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So to resurrect this thread with another question. I installed a 4 port Intel NIC and I am wondering if I plug in 4 RJ45 cables, how will unRAID deal with it. I currently have unRAID setup with a static ip. If I set additional static ips would I be able to connect through other ports on the NIC to offload server to server backups? How are other folks using additional ports with multi-port NICs?

Thanks for any insight

Patrick

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I think Alex.vision has identified what the issue could be.  You are mixing 100mb and 1000mb traffic on gigabit link between switches.  Flow control is most likely going to be your issue not bandwidth.  This link does a fair job of explaining it.  As you have already read from others, isolating the 100mb traffic from the 1gb traffic especially from the gigabit links between the GS108's should be your goal.  Quick test is to unplug all 100mb devices/traffic from your network and do your simultaneous file transfer and streaming and see if you get your buffering issues.  Also limit the number of daisy chained switches - the fewer hops the better.  The suggestion of the Cisco switch is a step in the right direction and suggest you do run a separate cable from the TP-Link 100mb switches back to it vs going through the GS108's.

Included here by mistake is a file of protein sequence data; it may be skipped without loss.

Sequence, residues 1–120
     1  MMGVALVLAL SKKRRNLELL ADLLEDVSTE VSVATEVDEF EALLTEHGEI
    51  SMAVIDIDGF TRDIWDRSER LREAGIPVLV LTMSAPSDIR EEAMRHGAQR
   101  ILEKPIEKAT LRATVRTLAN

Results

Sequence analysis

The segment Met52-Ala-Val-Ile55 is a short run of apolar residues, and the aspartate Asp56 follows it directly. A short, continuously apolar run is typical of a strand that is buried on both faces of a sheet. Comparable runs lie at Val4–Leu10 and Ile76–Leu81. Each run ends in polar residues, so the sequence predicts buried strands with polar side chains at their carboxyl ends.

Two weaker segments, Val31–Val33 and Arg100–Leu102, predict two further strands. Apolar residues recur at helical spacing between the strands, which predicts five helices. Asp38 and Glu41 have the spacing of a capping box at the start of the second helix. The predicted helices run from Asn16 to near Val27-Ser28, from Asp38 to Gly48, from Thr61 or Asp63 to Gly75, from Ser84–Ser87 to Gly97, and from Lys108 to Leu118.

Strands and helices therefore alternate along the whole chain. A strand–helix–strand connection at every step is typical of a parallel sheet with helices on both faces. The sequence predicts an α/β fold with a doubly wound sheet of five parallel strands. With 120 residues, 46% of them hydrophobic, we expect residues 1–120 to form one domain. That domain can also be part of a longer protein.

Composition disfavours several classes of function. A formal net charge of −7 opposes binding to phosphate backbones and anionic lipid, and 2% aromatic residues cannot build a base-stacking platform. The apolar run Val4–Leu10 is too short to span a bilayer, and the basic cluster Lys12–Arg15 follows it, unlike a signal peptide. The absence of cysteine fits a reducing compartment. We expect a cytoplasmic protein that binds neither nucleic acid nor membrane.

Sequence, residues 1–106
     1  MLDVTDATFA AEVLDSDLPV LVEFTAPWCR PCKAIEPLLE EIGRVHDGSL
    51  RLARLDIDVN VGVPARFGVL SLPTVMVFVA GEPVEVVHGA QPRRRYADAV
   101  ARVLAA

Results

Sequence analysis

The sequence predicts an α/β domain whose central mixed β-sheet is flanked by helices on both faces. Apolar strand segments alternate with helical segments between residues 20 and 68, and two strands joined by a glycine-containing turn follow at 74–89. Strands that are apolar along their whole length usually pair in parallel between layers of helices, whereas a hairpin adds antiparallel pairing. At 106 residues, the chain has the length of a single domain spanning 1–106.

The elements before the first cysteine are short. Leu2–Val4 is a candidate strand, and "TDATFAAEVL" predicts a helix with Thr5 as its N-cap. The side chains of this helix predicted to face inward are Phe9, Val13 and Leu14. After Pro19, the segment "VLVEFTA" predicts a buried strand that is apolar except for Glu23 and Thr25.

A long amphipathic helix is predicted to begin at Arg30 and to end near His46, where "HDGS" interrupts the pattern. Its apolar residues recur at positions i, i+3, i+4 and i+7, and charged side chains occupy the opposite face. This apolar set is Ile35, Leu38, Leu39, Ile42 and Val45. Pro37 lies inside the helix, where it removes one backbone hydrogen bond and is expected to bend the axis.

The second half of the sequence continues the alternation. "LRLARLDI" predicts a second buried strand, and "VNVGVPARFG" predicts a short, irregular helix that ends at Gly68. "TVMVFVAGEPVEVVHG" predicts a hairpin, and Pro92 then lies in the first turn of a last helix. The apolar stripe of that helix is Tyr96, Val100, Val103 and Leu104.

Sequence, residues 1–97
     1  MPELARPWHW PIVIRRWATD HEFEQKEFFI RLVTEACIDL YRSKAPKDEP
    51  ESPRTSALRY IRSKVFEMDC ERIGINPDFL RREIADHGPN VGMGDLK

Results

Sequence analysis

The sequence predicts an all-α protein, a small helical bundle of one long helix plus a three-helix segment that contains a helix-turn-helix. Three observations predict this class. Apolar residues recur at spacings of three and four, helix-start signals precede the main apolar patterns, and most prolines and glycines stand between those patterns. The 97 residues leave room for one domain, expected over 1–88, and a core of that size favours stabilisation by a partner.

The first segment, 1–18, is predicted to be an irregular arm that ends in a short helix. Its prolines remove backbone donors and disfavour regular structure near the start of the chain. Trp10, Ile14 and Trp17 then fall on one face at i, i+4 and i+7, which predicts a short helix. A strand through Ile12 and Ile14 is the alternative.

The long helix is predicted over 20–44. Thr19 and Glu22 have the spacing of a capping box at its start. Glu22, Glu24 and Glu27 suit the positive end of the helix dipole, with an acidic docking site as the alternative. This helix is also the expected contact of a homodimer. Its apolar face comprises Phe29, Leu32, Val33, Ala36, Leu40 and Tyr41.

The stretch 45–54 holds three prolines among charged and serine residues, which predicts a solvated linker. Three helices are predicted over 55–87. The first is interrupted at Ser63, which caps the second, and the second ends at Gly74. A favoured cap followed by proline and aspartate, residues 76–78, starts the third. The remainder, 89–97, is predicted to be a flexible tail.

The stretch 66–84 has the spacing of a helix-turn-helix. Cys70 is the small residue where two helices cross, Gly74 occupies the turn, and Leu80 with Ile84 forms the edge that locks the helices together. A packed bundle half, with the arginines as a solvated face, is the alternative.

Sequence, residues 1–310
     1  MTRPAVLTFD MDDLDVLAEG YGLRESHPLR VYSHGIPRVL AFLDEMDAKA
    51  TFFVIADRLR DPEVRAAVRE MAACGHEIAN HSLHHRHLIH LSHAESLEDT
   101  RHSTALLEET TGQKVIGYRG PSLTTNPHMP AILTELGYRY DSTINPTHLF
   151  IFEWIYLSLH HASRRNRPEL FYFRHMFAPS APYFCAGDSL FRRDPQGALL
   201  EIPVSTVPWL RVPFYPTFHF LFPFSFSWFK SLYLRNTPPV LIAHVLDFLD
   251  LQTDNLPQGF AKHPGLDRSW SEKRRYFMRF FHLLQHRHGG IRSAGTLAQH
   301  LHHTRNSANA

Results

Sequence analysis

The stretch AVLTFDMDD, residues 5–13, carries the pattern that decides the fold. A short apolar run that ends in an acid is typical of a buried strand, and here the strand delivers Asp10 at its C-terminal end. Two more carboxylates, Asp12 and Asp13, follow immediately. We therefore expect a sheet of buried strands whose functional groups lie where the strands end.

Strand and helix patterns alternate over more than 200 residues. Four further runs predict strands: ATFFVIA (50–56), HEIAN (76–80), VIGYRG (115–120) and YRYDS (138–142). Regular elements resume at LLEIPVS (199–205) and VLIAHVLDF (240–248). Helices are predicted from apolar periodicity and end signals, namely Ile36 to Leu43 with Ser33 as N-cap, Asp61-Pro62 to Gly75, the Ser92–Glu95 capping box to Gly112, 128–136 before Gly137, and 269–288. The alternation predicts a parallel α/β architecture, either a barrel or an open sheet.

Another thing to consider is your server itself and how it handles high disk I/O.  You may have tons of network bandwidth, but if the server cannot read/write the load without bottlenecking it will not matter what you do outside your server.  View the stats via the stats plugin to see what is going on during your simultaneous file transfers and streaming to your NUC.  Watch CPU load vs disk vs network.

 

To answer your question about your 4-port NIC on a PCIe-x1, you will have enough bandwidth for roughly two out of the four ports.  As far as how you utilize the four ports, I don't think using all four will benefit you in any way.  Two perhaps in a balance-rr config on unRAID to the Cisco with a two-port trunk/LAG (if the Cisco is capable) which would net a 2gb link from the Cisco to the server, but no single device will realize that bandwidth unless running Linux or Windows Server with same bonding config enabled.